Happy Autistic Pride Day!

I am celebrating Autistic Pride Day today by wearing the shirt that I made that reads “Don’t be sorry because I’m autistic, be sorry because you’re not.” on the front and “Proud Supporter of Asperger’s Syndrome” on the back. I also painted an Autism Awareness Ribbon on the back, which is a general awareness ribbon with multi-colored puzzle pieces filling it in.

I began to consider the idea of the puzzle piece as a symbol for autism and how Autistic Pride Day was sort of invented as backlash to the pro-cure autism groups and advocates such as Autism Speaks, Jenny McCarthy, and Holly Robinson Peete (I will keep my opinions to myself in this post). It was in fact Autism Speaks who commercialized the puzzle piece as a symbol, and many people who celebrate Autistic Pride Day are the same people who picket Autism Speaks by carrying signs that read “Autism Speaks Doesn’t Speak for Me” and “I Am a Person, Not a Puzzle.”

I never have had a problem with the puzzle piece as a symbol for autism. I do disagree with those who consider the symbol a sign for autism being a puzzle, or as people with autism being a puzzle. Instead, I consider the puzzle piece to signify the uniqueness of every person with an autism spectrum disorder and the fact that the world is a puzzle for people with autism. Besides, I like jigsaw puzzles.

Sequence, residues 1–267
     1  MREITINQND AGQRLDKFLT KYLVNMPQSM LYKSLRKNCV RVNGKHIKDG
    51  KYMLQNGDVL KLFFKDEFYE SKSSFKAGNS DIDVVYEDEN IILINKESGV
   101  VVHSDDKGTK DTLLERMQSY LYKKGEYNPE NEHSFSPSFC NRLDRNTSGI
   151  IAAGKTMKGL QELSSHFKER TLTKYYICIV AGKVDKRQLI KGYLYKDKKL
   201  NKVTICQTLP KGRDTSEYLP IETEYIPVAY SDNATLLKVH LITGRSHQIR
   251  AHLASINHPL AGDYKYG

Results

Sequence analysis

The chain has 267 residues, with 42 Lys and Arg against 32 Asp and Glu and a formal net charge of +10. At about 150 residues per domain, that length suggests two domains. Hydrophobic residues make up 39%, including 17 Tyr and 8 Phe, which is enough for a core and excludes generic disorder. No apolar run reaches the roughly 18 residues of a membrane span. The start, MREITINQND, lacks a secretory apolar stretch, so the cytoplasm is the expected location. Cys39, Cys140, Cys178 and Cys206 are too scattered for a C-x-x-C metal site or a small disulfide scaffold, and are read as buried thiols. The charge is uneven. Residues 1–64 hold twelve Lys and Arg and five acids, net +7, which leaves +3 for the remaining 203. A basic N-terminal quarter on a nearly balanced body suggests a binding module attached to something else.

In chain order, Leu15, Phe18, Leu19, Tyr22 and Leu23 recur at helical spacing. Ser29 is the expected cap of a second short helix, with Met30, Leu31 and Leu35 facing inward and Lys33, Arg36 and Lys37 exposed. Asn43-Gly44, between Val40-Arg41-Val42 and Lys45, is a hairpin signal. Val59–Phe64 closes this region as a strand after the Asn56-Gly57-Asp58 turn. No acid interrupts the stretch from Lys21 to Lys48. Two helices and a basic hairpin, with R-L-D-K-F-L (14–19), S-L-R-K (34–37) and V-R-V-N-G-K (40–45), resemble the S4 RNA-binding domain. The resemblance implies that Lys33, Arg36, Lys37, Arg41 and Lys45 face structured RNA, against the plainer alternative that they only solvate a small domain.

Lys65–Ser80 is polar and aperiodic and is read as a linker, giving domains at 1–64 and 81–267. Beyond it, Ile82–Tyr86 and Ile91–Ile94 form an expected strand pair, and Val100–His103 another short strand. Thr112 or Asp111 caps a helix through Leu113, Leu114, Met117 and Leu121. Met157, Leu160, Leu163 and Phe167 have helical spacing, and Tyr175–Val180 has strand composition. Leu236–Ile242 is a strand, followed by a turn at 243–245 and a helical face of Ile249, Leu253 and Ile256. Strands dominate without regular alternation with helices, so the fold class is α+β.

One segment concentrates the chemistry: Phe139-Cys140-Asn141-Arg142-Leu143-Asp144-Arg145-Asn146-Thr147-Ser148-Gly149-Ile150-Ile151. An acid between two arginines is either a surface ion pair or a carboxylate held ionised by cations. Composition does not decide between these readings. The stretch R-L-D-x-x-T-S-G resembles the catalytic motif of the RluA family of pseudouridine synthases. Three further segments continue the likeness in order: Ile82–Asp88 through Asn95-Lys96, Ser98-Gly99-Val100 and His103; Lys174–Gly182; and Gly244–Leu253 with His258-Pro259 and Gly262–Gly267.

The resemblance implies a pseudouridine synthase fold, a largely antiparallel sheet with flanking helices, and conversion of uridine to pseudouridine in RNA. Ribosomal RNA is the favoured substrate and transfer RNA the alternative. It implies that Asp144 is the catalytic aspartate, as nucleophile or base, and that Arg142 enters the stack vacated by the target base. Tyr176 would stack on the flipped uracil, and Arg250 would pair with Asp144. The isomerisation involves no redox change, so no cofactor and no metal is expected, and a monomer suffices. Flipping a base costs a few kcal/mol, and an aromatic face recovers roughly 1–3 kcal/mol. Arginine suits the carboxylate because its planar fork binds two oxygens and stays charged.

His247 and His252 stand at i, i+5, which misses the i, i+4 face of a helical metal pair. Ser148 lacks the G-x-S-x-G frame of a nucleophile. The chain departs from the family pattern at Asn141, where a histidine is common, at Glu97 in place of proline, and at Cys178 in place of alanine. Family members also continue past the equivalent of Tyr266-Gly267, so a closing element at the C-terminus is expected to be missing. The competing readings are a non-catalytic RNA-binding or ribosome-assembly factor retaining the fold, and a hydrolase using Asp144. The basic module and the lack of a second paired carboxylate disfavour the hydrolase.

I recognize that this connection is a bit of a stretch, and I have felt for a while that a more appropriate symbol for autism awareness would be a four-leaf clover. Though they are members of the same species as three-leaf clovers, they were endowed an extra leaf by genetic mutation. In theory it is rare for there to be a four-leaf clover amongst three-leaf clovers, but I know there are patches in which the occurrence is higher. Rather than being thought of as genetically mutated or freakish acts of nature, the four-leaf clover is a symbol of luck and prosperity.

Though most do not attribute an autism diagnosis with luck or prosperity, I feel it is much more effective to embrace autism as an asset than to condemn it as an enigma. On Autistic Pride Day we should remember that it was autism that gave Albert Einstein the ability to rationalize through the theory of relativity, and that it was Asperger’s Syndrome that allowed John Elder Robison the mental capabilities to design and test flaming guitars and digital toys in his head. If we were to eradicate autism spectrum disorders, we would be doing our world a disservice by eradicating the great minds who benefit from them.



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